More patients die as lone GPs cover thousands in opt out services
An investigation by The Sunday Times into the inadequacy of round-the-clock cover has established two further deaths, including that of a three-year-old boy, after failures in the system.
Brighton, Bolton and Wigan are among the areas where a lone doctor is responsible for dealing with late-night emergencies. The news follows revelations last weekend that just two GPs provide cover for Suffolk and its 600,000-strong population on some nights.
Mark Simmonds, the Tory health spokesman, said repeated warnings about out-of-hours cover had gone unheeded by ministers: “It’s disgraceful that the government hasn’t taken action over this before.”
Brighton and Hove primary care trust (PCT) has one GP to cover an area with 248,000 residents on most nights. It claimed the doctor can receive as few as 10 calls each evening. However, in one case involving the trust, a three-year-old boy from Hove died from blood poisoning after the failure of the out-of-hours service.
The frantic parents of Joseph Seevaraj phoned the duty doctor at 11pm on a Sunday and asked whether they should take their son to hospital because he was vomiting and suffering from diarrhoea.
Joseph was already taking antibiotics for tonsillitis and the doctor advised his parents, Jean and Nicola, to wait for those to take effect. They watched over the toddler closely, but he died a few hours later.
A consultant in paediatric intensive care later said she believed the child would have survived if his parents had received proper advice from the out-of-hours service.
“He needed basic medical attention,” said Veronica Hamilton-Deeley, the coroner, at the inquest. “The failure to provide it was gross failure.”
South East Health, which provides round-the-clock services for Brighton and Hove PCT, said it had learnt from the incident in January 2008.
This weekend it emerged that only one GP serves 310,000 residents in the Wigan area on most nights, while 270,000 residents in the Bolton area also have to routinely rely on a single out-of-hours doctor.
In North Somerset there is just one GP for 200,000 residents on a week night. Cambridgeshire has three GPs at night, Norfolk has four and Cumbria has six.
Such skeleton cover was introduced when labour negotiated new contracts with GPs in 2004, boosting their average salary to more than £100,000 and allowing them to opt out of providing round-the-clock care.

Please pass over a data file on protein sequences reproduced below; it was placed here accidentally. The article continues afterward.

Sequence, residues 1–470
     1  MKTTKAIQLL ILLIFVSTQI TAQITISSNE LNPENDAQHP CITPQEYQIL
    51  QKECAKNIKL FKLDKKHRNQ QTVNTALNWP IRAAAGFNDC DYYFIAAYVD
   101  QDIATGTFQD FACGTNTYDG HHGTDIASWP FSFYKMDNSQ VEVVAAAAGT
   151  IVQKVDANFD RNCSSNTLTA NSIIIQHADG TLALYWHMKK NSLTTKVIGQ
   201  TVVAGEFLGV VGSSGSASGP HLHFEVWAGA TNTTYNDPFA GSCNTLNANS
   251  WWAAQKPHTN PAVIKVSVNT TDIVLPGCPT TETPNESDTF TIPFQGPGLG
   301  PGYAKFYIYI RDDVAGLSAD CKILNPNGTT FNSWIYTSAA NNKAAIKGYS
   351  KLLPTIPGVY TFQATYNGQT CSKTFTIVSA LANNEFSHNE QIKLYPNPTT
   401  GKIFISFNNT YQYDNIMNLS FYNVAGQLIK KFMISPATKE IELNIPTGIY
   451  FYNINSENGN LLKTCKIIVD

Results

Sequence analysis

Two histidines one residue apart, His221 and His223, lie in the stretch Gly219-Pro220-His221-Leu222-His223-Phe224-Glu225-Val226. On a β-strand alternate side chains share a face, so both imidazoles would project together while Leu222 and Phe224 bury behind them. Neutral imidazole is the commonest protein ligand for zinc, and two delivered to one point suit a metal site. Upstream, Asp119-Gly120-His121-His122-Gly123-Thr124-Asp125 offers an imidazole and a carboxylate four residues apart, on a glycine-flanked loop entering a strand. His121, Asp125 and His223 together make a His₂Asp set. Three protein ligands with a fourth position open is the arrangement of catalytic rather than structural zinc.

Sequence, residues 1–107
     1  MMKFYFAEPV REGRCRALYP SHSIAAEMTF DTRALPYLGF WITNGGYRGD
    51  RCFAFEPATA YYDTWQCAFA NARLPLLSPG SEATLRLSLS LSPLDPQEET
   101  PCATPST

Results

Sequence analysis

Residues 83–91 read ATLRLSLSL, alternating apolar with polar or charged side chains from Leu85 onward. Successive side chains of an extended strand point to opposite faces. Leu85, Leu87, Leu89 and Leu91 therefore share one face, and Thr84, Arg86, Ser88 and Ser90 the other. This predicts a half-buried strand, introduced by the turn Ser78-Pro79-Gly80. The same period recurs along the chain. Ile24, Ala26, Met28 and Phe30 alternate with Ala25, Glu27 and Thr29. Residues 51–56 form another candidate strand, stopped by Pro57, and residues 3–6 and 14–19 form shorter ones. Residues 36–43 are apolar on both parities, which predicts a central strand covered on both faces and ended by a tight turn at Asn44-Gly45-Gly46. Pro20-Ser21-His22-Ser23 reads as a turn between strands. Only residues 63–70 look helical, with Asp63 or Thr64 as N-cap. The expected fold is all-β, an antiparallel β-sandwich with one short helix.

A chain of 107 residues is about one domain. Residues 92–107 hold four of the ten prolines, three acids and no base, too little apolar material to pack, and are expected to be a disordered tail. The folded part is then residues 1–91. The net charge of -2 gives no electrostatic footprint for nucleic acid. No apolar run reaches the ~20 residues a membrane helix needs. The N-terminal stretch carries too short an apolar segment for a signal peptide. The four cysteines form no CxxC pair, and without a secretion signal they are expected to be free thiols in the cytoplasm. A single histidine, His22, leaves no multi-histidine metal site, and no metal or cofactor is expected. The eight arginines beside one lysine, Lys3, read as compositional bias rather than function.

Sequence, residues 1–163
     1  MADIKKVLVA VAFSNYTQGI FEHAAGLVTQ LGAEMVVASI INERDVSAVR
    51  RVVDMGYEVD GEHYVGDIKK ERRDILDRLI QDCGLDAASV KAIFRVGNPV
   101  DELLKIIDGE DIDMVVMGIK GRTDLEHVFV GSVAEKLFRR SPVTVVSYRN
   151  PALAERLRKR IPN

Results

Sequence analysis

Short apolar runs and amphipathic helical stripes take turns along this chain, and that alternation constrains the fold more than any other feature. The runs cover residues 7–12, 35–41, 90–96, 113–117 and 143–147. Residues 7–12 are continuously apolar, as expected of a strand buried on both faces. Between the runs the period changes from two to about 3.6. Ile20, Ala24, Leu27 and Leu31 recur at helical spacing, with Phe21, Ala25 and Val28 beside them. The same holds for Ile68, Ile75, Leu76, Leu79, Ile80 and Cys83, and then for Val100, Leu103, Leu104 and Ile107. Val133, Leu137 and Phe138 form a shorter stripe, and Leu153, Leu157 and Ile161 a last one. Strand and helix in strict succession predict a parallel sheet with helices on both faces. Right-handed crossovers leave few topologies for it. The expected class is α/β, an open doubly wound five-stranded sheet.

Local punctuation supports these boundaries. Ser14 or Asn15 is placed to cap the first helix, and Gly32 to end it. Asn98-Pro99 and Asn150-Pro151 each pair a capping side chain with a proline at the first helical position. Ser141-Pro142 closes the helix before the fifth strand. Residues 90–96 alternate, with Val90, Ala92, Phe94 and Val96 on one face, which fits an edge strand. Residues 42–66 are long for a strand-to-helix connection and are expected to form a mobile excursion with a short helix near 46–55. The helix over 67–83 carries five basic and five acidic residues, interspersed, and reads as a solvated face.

While some PCTs say that just one or two GPs can adequately cover a population of more than 250,000, others have more doctors available for home visits.
Under South Birmingham PCT there are 11 doctors on overnight duty, each covering an average population of about 35,000.
Hampshire has 13 GPs on duty at night and Devon has eight, working at medical centres across the county.
Patients are often unaware if their local service is in crisis because most trusts do not publish performance reports. NHS Bristol said last week that a report on the quality of its out-of-hours GPs’ service was “confidential” and “commercially sensitive”.
Most round-the-clock services struggle to fill shifts with local GPs. Instead they use doctors from other parts of the country or foreign GPs who fly in for their shifts. A parliamentary debate was told last week of a case in Cornwall in which a patient had been confronted with a foreign doctor who used “an electronic word converter” to communicate. Other patients have complained of waiting eight hours for a doctor to arrive.
There have also been complaints that out-of-hours GPs do not have access to patient notes and sometimes fail to diagnose serious conditions. In one case, a doctor working as a duty GP in West Yorkshire was suspended from the General Medical Council register after he failed to examine an elderly patient properly. She died the next day.
Dr Krzysztof Robak, 62, commuted more than 175 miles from Surrey, where he worked for a diet clinic, to his Yorkshire employer, Local Care Direct. When he visited the 86-year-old patient, he failed to check her blood pressure or take her temperature and did not consider her seriously ill.
Local Care Direct, a non profit organisation which provides out-of-hours care services for 2.5m people in Yorkshire, said it had vetted Robak rigorously before employing him.
It said it did not consider that he had contributed to the patient’s death in July 2007, but it had raised concerns about his conduct.